Baños is very obviously all about the tourism, but so far, not necessarily in a bad way.
We arrived on Thursday afternoon, and were immediately offered a room by an enterprising young man. I had a look, but decided to head towards the center and check out the other options. Ewelina waited with the bags in the central park, and I explored hotels. Prices were all over the map, but more notably, this was the first place in our entire trip where it was common for places to want to charge higher rates for the weekend, and also more than half the places I checked were full for the weekend anyway and could only offer me one night, or in some cases two. And most of the rooms were very small.
We settled on the biggest room I found and the only one with Wifi in the room: in a hostel called Santa Cruz. It was on the more expensive end of the spectrum, at $19 per night for the two of us, but it was the nicest I saw and one of only a few that was actually available over the weekend.
The next day we went on our first expedition, ignoring the myriad tour operators and climbing a few hundred steps to the Mirador del Virgin, which offered an amazing view of the town. From there we took various twisty footpaths up into the hills, following the posted signs to the Mirador del Volcan. The views on the way were amazing, by the time we reached the viewpoint itself we had already been dazzled by the volcano and the most interesting thing was a great view of power lines spanning a small valley.
The next couple of days were rather lazy. We played pool, had nice meals and explored the baths the town is famous for. Ewelina wasn't too impressed by the baths, she correctly observed that they can't really begin to compare with the pools in Iceland. But they were chock full of Ecuadorians who seemed to be having a great time.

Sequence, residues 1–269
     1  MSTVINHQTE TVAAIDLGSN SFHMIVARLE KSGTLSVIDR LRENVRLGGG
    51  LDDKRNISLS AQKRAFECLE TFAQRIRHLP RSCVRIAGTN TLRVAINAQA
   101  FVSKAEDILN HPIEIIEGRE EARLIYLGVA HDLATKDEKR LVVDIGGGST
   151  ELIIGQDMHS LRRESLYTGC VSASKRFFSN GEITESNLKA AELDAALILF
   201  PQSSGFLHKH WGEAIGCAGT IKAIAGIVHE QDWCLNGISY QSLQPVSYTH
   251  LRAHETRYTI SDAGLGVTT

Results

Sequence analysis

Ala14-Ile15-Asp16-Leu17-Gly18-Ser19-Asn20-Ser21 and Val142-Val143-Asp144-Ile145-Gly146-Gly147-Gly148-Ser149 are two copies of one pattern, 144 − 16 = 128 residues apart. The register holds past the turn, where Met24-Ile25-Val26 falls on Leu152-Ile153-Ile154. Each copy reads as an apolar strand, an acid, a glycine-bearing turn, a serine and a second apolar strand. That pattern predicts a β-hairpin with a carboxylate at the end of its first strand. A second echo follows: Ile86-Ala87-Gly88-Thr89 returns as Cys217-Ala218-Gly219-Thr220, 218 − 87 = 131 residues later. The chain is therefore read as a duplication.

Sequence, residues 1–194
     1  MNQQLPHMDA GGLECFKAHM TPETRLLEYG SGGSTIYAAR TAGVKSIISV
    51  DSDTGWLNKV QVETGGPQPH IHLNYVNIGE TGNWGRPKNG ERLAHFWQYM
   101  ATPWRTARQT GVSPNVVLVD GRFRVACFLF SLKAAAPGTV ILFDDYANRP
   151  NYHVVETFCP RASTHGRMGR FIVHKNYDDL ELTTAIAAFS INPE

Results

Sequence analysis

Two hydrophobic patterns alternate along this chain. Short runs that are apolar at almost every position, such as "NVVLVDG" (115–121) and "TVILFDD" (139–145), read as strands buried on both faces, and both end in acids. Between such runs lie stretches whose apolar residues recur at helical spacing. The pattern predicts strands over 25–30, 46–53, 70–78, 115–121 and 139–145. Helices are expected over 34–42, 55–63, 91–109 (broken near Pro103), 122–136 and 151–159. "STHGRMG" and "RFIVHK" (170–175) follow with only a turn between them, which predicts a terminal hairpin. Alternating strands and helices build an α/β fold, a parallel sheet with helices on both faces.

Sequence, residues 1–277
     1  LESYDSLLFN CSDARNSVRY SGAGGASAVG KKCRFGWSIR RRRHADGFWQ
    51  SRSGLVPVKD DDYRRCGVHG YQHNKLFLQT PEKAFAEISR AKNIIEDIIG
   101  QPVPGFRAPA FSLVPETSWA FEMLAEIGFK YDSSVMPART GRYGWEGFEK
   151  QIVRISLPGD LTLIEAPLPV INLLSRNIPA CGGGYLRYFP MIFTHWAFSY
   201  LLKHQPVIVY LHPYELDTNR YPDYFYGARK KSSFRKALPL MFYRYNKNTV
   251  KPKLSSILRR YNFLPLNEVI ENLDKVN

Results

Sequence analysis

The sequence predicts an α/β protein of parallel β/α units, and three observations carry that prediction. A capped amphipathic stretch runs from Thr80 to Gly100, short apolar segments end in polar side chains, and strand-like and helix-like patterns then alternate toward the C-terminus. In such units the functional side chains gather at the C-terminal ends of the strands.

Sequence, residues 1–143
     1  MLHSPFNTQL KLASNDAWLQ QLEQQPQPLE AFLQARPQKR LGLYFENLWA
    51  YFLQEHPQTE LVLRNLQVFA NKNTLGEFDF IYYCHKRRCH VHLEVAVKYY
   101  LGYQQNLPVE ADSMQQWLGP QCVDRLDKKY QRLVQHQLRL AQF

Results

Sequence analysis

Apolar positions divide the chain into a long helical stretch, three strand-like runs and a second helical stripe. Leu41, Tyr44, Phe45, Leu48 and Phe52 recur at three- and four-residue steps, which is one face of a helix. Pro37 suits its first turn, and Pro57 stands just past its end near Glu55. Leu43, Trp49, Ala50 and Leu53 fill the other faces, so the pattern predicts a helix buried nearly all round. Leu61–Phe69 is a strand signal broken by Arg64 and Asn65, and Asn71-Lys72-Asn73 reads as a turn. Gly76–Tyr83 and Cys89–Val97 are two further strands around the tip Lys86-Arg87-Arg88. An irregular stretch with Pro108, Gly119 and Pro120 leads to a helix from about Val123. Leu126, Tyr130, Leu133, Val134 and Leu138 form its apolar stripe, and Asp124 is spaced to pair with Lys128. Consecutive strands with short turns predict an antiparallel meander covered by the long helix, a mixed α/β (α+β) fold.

By this time the town had become incredibly busy, we were there for the Halloween weekend and, more importantly, the Day of the Dead which is a major holiday here. There was a carnival-like atmosphere in Baños, people everywhere. We went out dancing on Saturday night, and the street with all the clubs was packed with people - young couples mostly, holding hands and dancing.
On our last day in Baños we rented bicycles and went for a ride. Our Lonely Planet had mentioned a 61km mostly-downhill ride from Baños to a town named Puyo, right on the edge of the Amazon Basin. The thought of biking from the Andes to the Amazon was too cool to not at least give it a shot.
In the end we only made it about two thirds of the way, utterly exhausted from all the uphill bits between the fun races downhill. On the way we stopped a few time to admire waterfalls, of which there were many, including Ecuador's most popular, Pailon del Diablo. Seeing it required a short hike, followed by a careful walk across a suspension bridge which only allowed 5 people at once (this rule was consistently broken). After the bridge we scrambled up a crack in the rock behind the falls, to get as close as possible. I stood right under the falls for a moment, getting rather wet from the spray and watching the water raging overhead. Next Ewelina took my spat, but she was helped along by some friendly, grinning Ecuadorian ladies who pushed her right into the wettest spot so she got completely soaked. There was much laughter, and by the time we got back to the bikes she was almost dry again.
After waterfalls and bicycling, Ewelina and I hitched a ride on a very strange truck back up the mountains to Baños. Our bikes were strapped under the truck's platform and we rode up front with the driver and his little family of four. When we got to town he refused payment, in pleasant contrast to what our guidebook said was the norm. Nice people.
Our last evening in Baños was then spent treating ourselves to excellent French food at Le Petit Auberge and playing pool at the Leprechaun pub. The next morning we packed our things and got on a bus to Riobamba, seeking our next adventure: the Devil's Nose train ride.